For too many local residents John Muir High School Early College Magnet, and much of the Pasadena Unified School District, has been dismissed. Many focus on the high numbers of LatinX, Black, immigrant, foster, and educationally challenged in the student body and, with the unexamined excuse of “low test scores,” avoid sending their children to their local public school. But to those in Northwest Pasadena and Altadena this inclusion and diversity has been part of Muir’s DNA for almost 100 years. It is the foundation of its strength as an educational institution and the very reason Muir has an unparalleled history of producing alumni who go out into the world ready to make positive change.
In the Tournament of Roses Parade, proudly marching at the head of the PUSD All-Star Marching Band as one of the Drum Majors, will be Ella Uriu, a Muir senior who epitomizes the best of the ”Muir Family.” In her four years Ella has been a part of a renaissance of sorts at the high school with more privileged families, seeking to do more than talk of “positive social change,” returning to the public schools. Ella remembers when the Mighty Mustang Marching Band wasn’t so mighty, “my freshman year we only had fourteen members and now we have over sixty!”
An honors student in Muir’s Engineering & Environmental Science Academy, Ella has also been part of the resurgence of the aquatics program as part of its growing water polo and swim teams, once one of the area’s powerhouse high school programs. “Being on the water polo team has been an especially bonding experience. A majority of the team is also involved in band and my favorite moments during the school day are spending lunches in the library with our coach Ms. Issa.” As Ella begins to look back on her time at Muir she is especially proud of her time as a founding member of the LGBTQ+ Alliance and playing music with the Muir Orchestra and John Tirabasso Jazz Band.
The honor of being chosen as a drum major in the Rose Parade came as a shock to Ella, “even after the announcement I was blown away by the support not only by my own community at Muir but by Pasadena as a whole. I truly have so much love for this All Star Band and I could not have made this journey without the other student leaders, Nalani Viray from PHS especially.”
But the choice of where a child will go to school is not for the child alone. For Ella’s parents, Scott and Angela Uriu, choosing a high school for their child was not taken lightly. “We toured it several times before her freshman year and each time we learned something new that just blew us away. There was never any doubt for us but ultimately, it was Ella’s decision. In the end, Muir was the school for all of us – our neighborhood school.”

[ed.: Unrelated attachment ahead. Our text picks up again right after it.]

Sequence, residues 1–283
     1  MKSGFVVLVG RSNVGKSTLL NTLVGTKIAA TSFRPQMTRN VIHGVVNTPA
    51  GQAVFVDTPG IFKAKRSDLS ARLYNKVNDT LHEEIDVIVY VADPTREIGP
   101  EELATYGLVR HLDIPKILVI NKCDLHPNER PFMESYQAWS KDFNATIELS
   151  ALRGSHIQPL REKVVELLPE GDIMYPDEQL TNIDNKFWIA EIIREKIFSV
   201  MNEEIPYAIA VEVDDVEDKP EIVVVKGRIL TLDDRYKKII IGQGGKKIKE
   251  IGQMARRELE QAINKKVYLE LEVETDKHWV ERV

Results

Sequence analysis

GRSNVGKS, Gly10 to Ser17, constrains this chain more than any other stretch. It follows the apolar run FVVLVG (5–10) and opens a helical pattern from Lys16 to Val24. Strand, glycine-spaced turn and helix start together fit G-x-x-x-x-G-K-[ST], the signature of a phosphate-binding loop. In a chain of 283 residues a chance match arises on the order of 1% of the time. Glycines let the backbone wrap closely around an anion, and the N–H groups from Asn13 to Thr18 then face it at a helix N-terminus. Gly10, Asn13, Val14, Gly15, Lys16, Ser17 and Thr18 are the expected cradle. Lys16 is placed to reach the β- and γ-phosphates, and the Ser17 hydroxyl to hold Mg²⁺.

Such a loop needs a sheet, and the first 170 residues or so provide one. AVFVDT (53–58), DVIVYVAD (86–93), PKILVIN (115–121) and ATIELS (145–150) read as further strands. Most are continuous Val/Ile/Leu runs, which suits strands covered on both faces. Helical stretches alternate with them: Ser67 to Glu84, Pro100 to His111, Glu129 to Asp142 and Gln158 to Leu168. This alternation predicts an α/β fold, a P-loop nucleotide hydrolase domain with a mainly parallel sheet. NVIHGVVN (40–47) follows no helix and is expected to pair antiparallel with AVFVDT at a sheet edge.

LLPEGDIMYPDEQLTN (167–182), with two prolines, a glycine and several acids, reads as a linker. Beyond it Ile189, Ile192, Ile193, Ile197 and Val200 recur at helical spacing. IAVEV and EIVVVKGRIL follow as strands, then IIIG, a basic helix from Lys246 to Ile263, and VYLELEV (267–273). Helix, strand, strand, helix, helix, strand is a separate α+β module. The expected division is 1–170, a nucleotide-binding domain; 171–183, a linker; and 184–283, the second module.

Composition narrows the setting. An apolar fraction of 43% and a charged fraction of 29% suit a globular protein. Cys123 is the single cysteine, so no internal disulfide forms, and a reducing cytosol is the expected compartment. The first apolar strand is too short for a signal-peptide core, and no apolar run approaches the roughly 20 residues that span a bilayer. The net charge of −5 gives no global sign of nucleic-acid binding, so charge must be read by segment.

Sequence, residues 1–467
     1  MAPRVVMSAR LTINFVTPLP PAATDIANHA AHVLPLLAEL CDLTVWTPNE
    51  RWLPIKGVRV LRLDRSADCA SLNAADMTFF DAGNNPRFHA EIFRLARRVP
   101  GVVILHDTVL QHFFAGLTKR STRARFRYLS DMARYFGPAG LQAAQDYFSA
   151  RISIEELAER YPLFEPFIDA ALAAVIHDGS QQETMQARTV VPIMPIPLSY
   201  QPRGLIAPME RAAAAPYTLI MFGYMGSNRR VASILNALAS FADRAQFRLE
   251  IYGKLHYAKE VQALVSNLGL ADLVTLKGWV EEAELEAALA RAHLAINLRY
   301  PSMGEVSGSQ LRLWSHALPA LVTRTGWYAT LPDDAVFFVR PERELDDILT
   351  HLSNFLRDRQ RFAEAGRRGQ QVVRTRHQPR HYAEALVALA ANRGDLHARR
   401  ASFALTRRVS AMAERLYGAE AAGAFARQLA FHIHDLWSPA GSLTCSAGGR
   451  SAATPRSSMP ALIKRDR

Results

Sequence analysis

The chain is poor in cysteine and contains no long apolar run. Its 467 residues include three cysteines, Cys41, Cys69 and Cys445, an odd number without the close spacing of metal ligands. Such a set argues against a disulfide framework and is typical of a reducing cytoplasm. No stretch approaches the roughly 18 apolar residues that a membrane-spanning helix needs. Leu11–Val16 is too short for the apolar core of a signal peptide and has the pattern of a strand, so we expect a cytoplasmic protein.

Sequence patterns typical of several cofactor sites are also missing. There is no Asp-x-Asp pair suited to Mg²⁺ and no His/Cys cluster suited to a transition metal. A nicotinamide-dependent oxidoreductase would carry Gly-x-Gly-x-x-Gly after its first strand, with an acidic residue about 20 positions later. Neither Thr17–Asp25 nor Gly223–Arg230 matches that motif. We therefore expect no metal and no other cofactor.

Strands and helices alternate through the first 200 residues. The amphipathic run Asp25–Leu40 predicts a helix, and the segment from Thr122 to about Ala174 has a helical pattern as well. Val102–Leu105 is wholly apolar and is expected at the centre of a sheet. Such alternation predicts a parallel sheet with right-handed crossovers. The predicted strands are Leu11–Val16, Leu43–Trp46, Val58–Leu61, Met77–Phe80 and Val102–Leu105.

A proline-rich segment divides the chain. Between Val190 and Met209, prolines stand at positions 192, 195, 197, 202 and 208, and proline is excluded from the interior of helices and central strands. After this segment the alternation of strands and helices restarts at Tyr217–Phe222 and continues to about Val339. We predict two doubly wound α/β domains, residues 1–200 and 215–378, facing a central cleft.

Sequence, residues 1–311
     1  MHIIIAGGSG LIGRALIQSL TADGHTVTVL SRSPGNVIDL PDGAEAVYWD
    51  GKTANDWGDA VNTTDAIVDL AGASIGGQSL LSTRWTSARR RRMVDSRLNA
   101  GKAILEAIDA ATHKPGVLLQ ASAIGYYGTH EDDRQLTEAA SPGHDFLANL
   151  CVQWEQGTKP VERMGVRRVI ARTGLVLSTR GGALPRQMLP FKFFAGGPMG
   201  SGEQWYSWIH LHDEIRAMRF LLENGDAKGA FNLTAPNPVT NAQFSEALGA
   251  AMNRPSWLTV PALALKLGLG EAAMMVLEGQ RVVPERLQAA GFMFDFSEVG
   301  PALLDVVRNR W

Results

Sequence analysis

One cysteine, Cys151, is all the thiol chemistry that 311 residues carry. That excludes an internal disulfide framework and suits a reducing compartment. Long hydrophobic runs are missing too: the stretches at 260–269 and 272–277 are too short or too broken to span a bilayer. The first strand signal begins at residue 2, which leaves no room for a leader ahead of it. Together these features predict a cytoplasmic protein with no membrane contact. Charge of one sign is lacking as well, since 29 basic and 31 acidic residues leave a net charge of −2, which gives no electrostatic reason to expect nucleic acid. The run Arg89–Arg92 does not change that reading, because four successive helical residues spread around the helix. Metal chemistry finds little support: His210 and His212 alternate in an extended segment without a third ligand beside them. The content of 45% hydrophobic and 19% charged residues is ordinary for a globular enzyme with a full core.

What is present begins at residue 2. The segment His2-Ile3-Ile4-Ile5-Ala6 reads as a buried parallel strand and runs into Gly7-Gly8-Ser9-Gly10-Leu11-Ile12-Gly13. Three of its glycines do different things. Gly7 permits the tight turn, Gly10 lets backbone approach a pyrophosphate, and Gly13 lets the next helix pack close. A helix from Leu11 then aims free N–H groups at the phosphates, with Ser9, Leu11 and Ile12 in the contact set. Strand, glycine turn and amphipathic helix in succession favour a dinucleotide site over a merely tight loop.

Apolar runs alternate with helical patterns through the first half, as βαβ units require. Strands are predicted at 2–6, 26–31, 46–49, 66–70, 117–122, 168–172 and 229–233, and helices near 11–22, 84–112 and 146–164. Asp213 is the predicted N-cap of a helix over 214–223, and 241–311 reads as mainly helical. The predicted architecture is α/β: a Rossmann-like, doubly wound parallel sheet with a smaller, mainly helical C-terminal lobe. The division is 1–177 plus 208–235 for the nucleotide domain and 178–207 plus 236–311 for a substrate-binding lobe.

When asked to describe the Muir community Angela is quick to reply, “the Muir community is supportive and invested in your child’s success. Not only are there staff who are alumni who have their children attending Muir, and staff who have worked there for decades, but there is also a strong alumni association that works very hard to support our students. The Muir community is our family.”
Standing on the cold Colorado Boulevard sidewalk, Angela and Scott will not only be watching Ella lead the PUSD All-Star Band but also Ella’s little brother Isaak, a sousaphone player and Muir Sophomore. “Scott and I are happy to have more time at Muir as we see Isaak through to his Senior year,” says Angela.
Ella will soon be heading East to study Education at Bucknell University, a task made easier by Muir’s partnership with PCC. Ella’s freshman year was the inaugural year of the Early College Magnet and she will be graduating from high school with 32 transferable college credits.
“Coming to Muir has been one of the best decisions of my life so far,” Ella states. “Muir was the first place in which I really learned how to build community. I learned about how to be on a team and I learned how to be a leader.”
Author Pablo Miralles has over 20 years of film and video production experience. His most recent film, the award-winning documentary “Can We All Get Along? The Segregation of John Muir High School” is his second film under the Arroyo Seco Films banner. Previous experience has included Production Coordinator on the Academy Award-winning short “Visas and VIrtue” and Co-Producer of the Emmy nominated short film “Day of Independence.” He is President of Arroyo Seco Films, which was founded in 2008 to create fictional and non-fictional projects that are both entertaining and informative.